Why Is Seth Klarman Buying Dropbox?
Described by many as the next Warren Buffett, Seth Klarman is at the head of a new generation of prominent investors following a value investing strategy. Although this strategy has underperformed the market in recent years, Klarman and others like him strongly believe that value investing is still the best strategy for realizing long-term growth in the stock market.
Now, Seth Klarman appears to have set his sights on cloud storage giant Dropbox (DBX). True to Klarman’s value strategy, Dropbox appears to be more of a long-term position than a company poised to deliver rapid growth. Here’s what you need to know about why Seth Klarman is bullish on Dropbox and why the stock could be a win for value investors.
How Much Dropbox Has Klarman Bought?
Baupost Group, the hedge fund led by Klarman, currently holds the second-largest institutional position in Dropbox stock. Its holdings are valued at $271.4 million, only slightly behind Renaissance Technologies’ $280.3 million stake.
In terms of total allocation, however, Klarman’s bullish bet on Dropbox is far heavier. Only 0.4 percent of Renaissance Technologies’ portfolio is invested in Dropbox shares. By comparison, Baupost’s position represents 2.5 percent of its portfolio.
Why Dropbox Is a Top Buy for Klarman
Looking at Dropbox, there are several factors that could excite investors like Klarman. The company’s basic business model of offering users a certain amount of storage space on a free basis and then upcharging for more space and functionality has proven extremely effective.
As of 2017, 90 percent of the company’s revenue came from paid customer conversions through self-serve channels. As a result, Dropbox has been able to build a large base of paid customers at a relatively low cost.
Dropbox’s focus on cloud storage gives it some competitive advantage, but its moat isn’t absolute. Google and Microsoft are both strong competitors, especially when it comes to workplace collaboration. For non-business use, Amazon Drive also competes with Dropbox.
However, Dropbox is quite competitive in its industry and seems to have a decent lock on its part of the cloud storage arena. With a 21 percent share of the cloud storage market, it is unlikely that Dropbox would fall from its position as a major player in that space any time in the near future.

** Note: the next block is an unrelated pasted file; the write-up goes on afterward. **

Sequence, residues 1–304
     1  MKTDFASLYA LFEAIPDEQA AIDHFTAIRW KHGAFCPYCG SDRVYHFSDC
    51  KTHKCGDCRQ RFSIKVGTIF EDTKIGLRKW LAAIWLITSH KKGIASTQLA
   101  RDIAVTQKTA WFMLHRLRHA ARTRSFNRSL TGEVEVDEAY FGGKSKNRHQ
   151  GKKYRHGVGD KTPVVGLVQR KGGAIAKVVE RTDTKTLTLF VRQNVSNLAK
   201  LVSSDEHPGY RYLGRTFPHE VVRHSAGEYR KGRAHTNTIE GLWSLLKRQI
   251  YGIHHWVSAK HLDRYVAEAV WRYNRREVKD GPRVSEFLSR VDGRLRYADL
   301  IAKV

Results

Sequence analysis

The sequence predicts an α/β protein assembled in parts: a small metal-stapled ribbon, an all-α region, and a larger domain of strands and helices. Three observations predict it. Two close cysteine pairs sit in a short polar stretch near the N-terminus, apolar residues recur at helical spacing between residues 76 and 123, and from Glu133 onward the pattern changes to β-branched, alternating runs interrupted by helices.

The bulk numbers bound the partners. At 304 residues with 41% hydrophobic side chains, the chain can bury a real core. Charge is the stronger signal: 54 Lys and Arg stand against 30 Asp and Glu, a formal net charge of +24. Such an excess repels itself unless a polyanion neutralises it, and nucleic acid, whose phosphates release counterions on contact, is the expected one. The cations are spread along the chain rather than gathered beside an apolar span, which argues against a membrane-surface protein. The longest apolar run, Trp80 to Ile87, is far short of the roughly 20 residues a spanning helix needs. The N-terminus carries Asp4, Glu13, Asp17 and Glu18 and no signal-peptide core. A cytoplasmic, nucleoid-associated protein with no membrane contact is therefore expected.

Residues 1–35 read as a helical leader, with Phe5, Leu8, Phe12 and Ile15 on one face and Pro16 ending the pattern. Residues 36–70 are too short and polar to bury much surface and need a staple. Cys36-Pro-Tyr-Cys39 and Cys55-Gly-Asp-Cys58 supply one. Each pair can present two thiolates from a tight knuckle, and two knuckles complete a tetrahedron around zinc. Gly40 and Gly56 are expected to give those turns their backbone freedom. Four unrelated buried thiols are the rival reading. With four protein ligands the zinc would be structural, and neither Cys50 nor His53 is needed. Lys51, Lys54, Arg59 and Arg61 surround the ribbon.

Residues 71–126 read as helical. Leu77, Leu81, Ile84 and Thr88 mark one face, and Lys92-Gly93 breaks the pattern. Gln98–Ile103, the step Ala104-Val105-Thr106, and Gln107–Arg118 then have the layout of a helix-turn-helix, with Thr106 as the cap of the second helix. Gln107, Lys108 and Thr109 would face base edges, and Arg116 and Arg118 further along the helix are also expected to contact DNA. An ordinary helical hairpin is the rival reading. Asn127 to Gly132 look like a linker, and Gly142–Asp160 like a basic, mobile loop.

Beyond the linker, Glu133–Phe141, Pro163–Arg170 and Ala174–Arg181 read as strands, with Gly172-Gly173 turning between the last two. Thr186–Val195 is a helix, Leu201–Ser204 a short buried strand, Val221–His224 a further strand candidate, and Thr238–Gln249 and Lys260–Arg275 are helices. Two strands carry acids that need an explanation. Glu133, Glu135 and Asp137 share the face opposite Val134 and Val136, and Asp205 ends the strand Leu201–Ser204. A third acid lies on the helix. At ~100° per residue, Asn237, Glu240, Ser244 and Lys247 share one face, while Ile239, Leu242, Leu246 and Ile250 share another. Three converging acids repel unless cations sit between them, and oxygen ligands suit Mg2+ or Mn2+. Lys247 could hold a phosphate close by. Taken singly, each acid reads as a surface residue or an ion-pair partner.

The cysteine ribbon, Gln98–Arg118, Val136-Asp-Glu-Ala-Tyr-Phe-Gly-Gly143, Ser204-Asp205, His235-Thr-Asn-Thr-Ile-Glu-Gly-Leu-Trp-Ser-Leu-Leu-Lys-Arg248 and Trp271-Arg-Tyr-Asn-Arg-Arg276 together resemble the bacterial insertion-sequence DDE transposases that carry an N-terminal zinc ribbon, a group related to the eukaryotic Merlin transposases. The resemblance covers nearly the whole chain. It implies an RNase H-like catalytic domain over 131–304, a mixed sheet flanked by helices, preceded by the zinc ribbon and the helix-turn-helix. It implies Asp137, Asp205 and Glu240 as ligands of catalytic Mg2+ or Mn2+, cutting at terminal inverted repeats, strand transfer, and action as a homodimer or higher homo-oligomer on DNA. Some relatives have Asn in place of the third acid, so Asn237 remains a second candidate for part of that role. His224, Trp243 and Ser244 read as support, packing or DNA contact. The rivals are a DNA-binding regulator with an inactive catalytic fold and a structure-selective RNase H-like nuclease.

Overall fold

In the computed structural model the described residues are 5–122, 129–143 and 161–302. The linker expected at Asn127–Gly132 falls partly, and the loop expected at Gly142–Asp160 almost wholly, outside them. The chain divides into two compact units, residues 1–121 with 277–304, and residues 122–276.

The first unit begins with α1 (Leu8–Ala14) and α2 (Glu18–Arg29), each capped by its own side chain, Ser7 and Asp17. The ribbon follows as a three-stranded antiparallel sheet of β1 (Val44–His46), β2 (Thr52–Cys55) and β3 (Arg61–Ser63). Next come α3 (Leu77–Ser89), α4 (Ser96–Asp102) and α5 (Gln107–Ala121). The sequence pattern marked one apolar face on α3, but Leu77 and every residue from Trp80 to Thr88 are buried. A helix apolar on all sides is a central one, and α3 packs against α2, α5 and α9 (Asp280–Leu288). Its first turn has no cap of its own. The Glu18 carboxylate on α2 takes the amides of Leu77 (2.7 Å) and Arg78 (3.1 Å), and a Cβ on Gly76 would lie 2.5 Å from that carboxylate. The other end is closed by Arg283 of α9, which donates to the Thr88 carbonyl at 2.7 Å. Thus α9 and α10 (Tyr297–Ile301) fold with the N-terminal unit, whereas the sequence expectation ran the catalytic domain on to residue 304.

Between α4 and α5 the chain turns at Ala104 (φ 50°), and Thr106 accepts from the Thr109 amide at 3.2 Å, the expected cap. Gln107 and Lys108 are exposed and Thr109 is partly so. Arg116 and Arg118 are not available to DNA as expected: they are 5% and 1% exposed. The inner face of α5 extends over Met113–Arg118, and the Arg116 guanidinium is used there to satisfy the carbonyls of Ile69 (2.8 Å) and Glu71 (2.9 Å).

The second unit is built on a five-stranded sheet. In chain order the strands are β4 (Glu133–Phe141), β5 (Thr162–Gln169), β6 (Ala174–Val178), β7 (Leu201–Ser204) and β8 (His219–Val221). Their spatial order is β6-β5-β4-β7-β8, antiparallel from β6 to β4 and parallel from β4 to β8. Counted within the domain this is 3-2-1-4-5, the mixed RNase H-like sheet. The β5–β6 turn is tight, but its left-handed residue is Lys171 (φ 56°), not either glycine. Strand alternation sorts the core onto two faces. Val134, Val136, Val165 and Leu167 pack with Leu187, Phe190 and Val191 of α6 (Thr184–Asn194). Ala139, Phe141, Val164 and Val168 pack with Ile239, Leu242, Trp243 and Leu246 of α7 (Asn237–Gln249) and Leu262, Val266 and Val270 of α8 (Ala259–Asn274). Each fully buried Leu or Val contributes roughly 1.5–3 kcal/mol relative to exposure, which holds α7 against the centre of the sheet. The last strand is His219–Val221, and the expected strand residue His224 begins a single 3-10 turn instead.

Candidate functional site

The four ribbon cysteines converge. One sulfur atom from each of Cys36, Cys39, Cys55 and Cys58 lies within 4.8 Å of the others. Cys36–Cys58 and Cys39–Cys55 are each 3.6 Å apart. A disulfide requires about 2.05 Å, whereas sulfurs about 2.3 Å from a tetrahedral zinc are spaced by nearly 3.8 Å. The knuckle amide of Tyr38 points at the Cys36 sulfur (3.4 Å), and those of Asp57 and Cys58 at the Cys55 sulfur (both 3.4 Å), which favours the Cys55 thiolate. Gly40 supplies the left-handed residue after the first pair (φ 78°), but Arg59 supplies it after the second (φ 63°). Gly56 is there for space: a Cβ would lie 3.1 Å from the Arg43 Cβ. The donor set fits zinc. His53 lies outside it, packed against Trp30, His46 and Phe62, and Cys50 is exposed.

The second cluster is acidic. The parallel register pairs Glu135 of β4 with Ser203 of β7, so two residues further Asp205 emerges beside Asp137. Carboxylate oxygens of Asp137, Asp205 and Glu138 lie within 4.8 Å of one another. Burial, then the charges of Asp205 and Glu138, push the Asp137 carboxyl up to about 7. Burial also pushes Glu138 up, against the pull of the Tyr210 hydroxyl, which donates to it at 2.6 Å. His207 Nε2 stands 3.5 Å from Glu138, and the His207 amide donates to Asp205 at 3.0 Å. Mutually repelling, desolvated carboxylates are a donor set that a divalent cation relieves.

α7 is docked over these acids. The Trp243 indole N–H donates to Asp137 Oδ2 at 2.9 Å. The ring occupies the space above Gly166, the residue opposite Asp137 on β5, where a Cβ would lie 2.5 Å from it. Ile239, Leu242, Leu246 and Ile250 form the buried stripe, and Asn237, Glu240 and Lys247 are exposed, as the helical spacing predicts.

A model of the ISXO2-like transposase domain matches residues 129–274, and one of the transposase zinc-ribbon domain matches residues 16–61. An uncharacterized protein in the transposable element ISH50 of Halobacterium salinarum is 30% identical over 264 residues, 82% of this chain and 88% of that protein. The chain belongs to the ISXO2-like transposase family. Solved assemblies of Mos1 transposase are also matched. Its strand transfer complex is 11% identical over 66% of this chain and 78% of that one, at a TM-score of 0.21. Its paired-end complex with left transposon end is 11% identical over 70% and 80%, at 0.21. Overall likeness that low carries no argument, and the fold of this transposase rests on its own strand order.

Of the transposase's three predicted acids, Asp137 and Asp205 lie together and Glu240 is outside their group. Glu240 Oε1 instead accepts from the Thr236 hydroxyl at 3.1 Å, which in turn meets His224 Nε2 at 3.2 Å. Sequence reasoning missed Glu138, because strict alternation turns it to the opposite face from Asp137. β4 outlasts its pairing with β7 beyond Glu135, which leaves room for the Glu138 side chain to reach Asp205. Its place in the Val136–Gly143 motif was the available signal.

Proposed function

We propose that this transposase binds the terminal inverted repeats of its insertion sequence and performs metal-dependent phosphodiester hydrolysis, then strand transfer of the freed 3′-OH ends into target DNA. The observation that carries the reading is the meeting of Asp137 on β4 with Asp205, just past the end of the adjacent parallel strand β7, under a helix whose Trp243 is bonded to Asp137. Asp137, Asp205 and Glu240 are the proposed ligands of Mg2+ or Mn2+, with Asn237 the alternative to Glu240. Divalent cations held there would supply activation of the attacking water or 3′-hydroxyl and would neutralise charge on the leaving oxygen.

Dropbox also appears to be quite strong from a fundamental perspective. In its final quarter of its last fiscal year, the company outperformed its revenue guidance, generating $550 million in overall revenue. The year-on-year revenue growth for the quarter was a respectable 12.9 percent.
Earnings per share reached $0.37, beating out a consensus estimate of $0.35. Revenue per customer also rose, demonstrating Dropbox’s ability to capitalize on its existing client base. The per-customer revenue in Q3 reached $133.79, up from $128.03 the year before.
Dropbox is also appealing for its commitment to reaching long-term financial objectives. By 2024, the company plans to increase its free cash flow to $1 billion. The same timeline applies to its goal of reaching operating margins of 28-30 percent. Achieving these goals would position Dropbox as a standout value stock in the often volatile tech sector.
Overall, Dropbox appears to be a solid stock from a value perspective. While the company is growing at a slower rate than several of its immediate competitors, it appears to have good fundamentals and stable prospects for long-term growth. For a value investor like Klarman, this type of stock is often more appealing than trendy, high-growth tech stocks.
What Are the Downsides of Dropbox?
Dropbox isn’t without its drawbacks. As noted above, other stocks in the tech sector and even in the cloud storage space offer higher growth rates than Dropbox. While this isn’t necessarily a negative to a long-time value investor like Seth Klarman, it could make the stock less appealing for investors pursuing a growth strategy.
It’s also worth noting that Dropbox has gone through a rocky period in terms of share price. Shares sold off over the past few months, bringing the stock price below its 2018 IPO level. For Dropbox bulls, this selloff represents a buying opportunity. However, it’s difficult to ignore the role of negative investor sentiment in share prices at the moment.
Analyst price targets for Dropbox also don’t show strong 12-month growth compared to where the company has traded recently. The average 12-month target for Dropbox currently stands at $31.67. While this does represent a substantial jump from the current price, shares were trading at $30 as recently as early November 2021. Short-term gains, therefore, will largely be a function of price recovery instead of new growth.
At the end of the day, given Seth Klarman’s success as a value investor, though, it’s hard to ignore the company’s future prospects. Buying Dropbox while the price is still low following the recent selloff could present value investors with a solid window of opportunity to maximize long-term gains.